The European Union (EU) has certainly had an eventful year in 2015 dealing with the Syrian refugee crisis; the growing threat of the Islamic State; the disastrous condition of the world economy and the Greek debt crisis among other things. Having avoided a “Grexit” last year, the EU now faces the possibility of a “Brexit” after British Prime Minister David Cameron announced in late February that Britain would be holding a referendum on the country’s membership to the EU on the 23rd of June 2016.
So why exactly would the UK want to exit? The people in favour of leaving, which includes about half of Conservative MPs and (according to online polls) nearly half of the population, believe that Britain is being held back by the EU and that a Brexit would give them the chance to negotiate a new EU relationship. The primary reasons they cite involve trade and immigration. From an economic standpoint, Britain believes that exiting the EU will result in them being able to secure better deals with China, India and America and that Britain’s contribution to the EU budget can be put to better use in scientific research and development. It also believes that it can free itself from EU regulation returning control to the government over fields such as health, employment laws, etc. With the Syrian refugee crisis turning out to be a problem without an immediate solution, Britain also wishes to further strengthen its immigration laws and reduce the number of people coming there to work.
The Prime Minister however doesn’t want a Brexit, but simply wants a re-negotiation of the terms of Britain’s membership. Mr. Cameron has said that if he is able to get the reforms he wants, he will campaign for Britain to remain in the EU in the buildup to the referendum. So what does he want? Broadly speaking, he wants two things. From an economic point of view- to secure an explicit recognition that Euro isn’t the only currency of the EU and that Britain should not have to contribute to Eurozone bailouts. From an immigration point of view- to restrict those coming to the UK from claiming certain benefits until they have been a resident for at least four years. Other than these broad objectives, the UK is essentially lobbying for more sovereignty; to free business from excessive interference; remove trade barriers in the services and digital sector. He has also reiterated his standpoint that Britain would resist any move to join an “EU Army” or adopt the Euro.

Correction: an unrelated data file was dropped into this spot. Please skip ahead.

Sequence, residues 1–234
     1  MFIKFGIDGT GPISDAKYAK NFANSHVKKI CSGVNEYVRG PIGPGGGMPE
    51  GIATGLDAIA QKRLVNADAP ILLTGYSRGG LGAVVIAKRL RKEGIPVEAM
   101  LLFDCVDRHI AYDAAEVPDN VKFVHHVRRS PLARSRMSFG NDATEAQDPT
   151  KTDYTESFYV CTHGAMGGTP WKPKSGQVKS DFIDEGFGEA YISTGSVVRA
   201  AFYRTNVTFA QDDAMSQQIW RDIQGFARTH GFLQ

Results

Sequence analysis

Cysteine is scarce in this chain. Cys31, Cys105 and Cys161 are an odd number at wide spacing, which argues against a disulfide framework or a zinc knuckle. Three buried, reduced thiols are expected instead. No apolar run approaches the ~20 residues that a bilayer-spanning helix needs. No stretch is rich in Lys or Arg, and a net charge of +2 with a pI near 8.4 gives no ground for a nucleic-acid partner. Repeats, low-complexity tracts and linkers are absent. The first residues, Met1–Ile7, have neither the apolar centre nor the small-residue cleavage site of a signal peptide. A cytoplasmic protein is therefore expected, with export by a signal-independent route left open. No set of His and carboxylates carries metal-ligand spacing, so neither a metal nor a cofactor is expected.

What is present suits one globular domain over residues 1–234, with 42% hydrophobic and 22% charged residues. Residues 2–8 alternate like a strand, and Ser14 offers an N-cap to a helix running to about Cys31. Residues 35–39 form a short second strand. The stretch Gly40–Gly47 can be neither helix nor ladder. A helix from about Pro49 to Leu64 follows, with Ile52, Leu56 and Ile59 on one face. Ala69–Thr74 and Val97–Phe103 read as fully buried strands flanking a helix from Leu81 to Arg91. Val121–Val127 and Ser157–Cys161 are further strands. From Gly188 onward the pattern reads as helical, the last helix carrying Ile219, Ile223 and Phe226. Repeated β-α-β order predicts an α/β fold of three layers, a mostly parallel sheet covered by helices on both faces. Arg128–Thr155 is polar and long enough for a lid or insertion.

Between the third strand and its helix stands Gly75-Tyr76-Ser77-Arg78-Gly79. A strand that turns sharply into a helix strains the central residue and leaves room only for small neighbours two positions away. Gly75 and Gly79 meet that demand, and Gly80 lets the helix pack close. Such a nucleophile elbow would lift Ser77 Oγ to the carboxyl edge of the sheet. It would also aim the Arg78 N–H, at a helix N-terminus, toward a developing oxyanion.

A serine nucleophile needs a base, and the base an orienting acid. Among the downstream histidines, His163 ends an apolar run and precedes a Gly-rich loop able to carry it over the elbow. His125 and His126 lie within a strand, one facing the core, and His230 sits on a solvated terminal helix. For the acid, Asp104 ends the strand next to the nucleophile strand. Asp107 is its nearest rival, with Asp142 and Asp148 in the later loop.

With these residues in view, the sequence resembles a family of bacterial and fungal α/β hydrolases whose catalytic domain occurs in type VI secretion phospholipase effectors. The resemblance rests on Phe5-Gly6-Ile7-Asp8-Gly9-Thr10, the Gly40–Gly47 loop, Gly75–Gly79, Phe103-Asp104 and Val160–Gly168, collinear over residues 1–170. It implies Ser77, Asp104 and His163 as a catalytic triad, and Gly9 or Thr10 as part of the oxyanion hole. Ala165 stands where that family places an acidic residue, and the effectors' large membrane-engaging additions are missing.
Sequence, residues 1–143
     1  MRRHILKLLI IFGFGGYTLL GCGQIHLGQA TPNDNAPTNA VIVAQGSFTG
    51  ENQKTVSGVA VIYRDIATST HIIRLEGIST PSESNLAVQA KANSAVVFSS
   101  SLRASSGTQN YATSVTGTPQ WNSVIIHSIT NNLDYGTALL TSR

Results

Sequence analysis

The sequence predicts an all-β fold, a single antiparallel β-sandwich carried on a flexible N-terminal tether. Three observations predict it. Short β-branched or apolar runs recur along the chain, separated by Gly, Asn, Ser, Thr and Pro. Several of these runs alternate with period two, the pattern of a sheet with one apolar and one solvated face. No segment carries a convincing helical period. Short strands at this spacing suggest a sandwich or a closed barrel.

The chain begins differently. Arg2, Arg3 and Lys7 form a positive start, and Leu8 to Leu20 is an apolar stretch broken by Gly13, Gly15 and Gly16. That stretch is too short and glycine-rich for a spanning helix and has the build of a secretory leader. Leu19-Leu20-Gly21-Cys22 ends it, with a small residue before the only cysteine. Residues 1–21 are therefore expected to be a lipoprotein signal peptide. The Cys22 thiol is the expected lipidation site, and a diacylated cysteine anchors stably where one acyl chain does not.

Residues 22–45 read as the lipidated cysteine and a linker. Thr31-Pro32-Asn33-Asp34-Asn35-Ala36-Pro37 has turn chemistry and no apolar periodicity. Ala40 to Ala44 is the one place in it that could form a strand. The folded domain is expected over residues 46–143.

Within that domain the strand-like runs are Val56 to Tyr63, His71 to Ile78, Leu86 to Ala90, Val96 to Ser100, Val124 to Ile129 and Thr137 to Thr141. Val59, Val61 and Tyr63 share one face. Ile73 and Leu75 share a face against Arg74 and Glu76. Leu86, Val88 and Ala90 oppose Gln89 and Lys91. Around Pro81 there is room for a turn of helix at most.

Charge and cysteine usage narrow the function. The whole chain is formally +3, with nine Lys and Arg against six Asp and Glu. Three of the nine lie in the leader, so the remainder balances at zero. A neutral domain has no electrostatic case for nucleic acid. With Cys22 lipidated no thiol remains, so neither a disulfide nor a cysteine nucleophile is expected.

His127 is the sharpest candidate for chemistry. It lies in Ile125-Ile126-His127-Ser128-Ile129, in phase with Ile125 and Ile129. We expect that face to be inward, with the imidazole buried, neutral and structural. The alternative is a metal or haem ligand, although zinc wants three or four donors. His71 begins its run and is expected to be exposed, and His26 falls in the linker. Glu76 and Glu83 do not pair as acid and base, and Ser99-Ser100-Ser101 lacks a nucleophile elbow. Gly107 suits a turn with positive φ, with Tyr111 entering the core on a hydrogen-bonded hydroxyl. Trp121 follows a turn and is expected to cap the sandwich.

So this brings us to the golden question, should Britain leave the EU or not? Well there really isn’t a right answer to it, most big businesses want Britain to stay as do a large number of Britain’s scientists and researchers (Professor Stephen Hawking has said that a Brexit will be “disastrous” for science). On the other hand some business houses and ministers recognise some of the obvious benefits a Brexit would bring and feel that it is the right course of action indeed. Whereas polls at the time show that 55% of Britain’s citizens want to stay in the EU, one can’t really predict how the numbers will change by June.